A social Europe must be a political Europe

My dear Etienne Balibar, in a recent article you explain how a new Europe can only come from the bottom up. But how would this shift from top-down to bottom-up work, and what does it even mean?

A new Europe can only come from the bottom up

Simply put, 'another Europe' must be able to suggest alternatives that make sense to the majority of the citizens across the continent.

When politics strike back: the end of the Icelandic constitutional experiment?

A wave of enthusiasm took Icelanders through the 2012 referendum after the 2008 crash, once the widely-praised 'crowd-sourced' constitution appeared to be within reach. But Icelanders’ hopes seem to be evaporating in the haze of this week-end's parliamentary elections.

Bottom up… to Europe

A currency devoid of matching political institutions becomes a promising prey of the markets, led by financial interests, including many traditionally hostile to the euro and to the prospect of any further European integration. What to do?

Syria is our business too: why Europe must take the lead on efforts to end the civil war

Simply waiting until the fight is over looks like a realpolitik option, but it is a recipe to push Syria only further into disaster. The stalemate can last for years. Europe must act now – to prevent a humanitarian tragedy and to protect its vital interests.

Enough with the European leaps of faith!

The future of Europe rests neither in a self-defeating global market, nor in a re-nationalized, German EU. What we need is a political Europe that acts in the interests of all - on the economic as well as environmental, social and educational level.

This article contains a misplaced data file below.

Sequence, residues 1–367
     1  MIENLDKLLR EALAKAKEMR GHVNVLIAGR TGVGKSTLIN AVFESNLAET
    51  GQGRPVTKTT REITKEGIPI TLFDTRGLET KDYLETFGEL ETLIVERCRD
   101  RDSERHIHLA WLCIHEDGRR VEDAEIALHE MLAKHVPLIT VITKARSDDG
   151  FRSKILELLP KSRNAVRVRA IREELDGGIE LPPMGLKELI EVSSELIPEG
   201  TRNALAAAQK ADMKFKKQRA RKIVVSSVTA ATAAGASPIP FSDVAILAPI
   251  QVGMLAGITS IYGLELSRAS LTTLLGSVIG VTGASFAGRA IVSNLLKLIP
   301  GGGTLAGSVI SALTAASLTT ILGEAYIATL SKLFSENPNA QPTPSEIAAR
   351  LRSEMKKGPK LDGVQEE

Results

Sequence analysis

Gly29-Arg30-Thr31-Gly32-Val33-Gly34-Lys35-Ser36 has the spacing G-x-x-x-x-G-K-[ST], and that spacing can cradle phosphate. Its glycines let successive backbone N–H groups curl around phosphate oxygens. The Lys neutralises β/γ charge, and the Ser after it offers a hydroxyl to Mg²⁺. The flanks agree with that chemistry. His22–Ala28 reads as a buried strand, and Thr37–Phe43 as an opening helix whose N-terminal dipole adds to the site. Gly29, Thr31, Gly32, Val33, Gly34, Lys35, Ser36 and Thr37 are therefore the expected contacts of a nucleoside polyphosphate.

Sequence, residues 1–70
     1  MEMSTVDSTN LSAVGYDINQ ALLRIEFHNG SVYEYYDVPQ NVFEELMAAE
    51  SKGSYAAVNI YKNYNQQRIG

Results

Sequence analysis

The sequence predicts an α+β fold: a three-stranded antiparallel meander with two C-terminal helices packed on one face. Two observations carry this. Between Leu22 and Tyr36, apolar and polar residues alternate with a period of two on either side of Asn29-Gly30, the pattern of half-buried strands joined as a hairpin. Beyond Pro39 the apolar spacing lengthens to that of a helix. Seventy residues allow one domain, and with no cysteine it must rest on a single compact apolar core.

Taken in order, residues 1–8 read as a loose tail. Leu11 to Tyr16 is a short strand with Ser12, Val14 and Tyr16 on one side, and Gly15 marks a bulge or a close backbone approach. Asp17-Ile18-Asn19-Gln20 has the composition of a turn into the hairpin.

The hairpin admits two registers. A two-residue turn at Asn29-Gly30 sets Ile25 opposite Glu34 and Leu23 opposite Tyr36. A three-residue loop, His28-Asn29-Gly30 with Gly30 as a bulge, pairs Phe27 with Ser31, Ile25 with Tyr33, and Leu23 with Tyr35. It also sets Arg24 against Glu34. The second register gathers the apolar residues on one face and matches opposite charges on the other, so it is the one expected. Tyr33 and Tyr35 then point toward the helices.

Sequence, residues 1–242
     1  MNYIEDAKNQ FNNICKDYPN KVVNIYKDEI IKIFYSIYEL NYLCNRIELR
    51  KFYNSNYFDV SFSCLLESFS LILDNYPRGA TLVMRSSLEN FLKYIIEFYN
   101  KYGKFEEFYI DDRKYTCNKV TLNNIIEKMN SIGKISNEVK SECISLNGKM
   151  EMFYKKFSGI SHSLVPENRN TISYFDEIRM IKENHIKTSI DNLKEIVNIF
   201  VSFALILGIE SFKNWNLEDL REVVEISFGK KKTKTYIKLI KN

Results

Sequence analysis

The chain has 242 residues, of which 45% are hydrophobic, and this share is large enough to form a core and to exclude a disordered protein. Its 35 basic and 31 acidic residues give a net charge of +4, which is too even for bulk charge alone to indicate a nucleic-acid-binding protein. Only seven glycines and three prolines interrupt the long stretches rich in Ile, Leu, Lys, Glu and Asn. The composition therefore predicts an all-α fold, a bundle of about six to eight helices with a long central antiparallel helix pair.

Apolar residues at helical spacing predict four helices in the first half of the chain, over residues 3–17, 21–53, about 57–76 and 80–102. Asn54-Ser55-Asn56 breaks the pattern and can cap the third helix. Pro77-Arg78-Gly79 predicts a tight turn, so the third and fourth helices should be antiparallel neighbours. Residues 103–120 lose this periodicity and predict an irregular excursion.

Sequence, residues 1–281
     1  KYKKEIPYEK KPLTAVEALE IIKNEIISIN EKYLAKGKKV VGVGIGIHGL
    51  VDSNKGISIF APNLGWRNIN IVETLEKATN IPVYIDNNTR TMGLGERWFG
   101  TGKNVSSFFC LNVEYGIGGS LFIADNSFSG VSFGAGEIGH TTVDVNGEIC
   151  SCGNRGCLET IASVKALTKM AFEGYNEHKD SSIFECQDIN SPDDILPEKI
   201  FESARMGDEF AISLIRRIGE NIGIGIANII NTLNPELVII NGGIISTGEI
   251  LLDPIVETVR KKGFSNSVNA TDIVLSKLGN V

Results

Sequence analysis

Assez de ces 'sauts de foi' européens

L'avenir de l'Europe ne repose pas sur un marché global auto-destructif, ni sur une Europe allemande rénationalisée. Il nous faut une Europe politique agissant dans l'intérêt commun tant au niveau économique qu'aux niveaux écologique, social et de l'éducation.

Conflict at the EU's southern borders: the Sahel crisis

Gradually, EU systems of governance have extended into the southern Mediterranean, linking dynamics in the Sahel with European interests through its borderlands. This could be a test of the EU's foreign policy ambitions. But is the Union ready and capable to act, and if so, what is at stake?

Are smaller avenues of collective self-determination emerging out of the crisis?

Is national citizenship still a valid organizational factor in the context of the crisis? A radical re-thinking of political citizenship, based on smaller entities such as Catalonia, Scotland or Flanders, may emerge as a reaction to growing imbalances.

Privileged access vs. public scrutiny - why lobbying transparency matters

Every day, thousands of lobbyists roam the corridors of Brussels to represent business interests, with most of their actions and affiliations hidden from the public. What can be done against the influence of special interests in European public policy-making?

Time horizons of transformation: lessons from the German unification for the eurozone

The harmonisation of national economies inside the eurozone is essentially a clash of time horizons – the future might be bright, but the transformation process in hard-hit countries is painful, and unfair. What lessons should we draw from the historical example of German reunification?

A warning and an invitation, to Europeans

On December 6, 2012, the Leader of France’s Left Front addressed a packed audience in the European Institute of University College, London on a progressive alternative to the human crises caused by today’s social relations, banking chicanery, political power and, against the background of another failed Kyoto, the far greater challenge of an adequate response to climate change.

The rise of Catalonia: unravelling the debate on Catalan independence

The Catalan separatists' greatest achievement was perhaps to change the terms of the debate on independence, from an essentially legal question to a myriad of political, economic and social interrogations. Is 'independence' really the answer to all of these questions?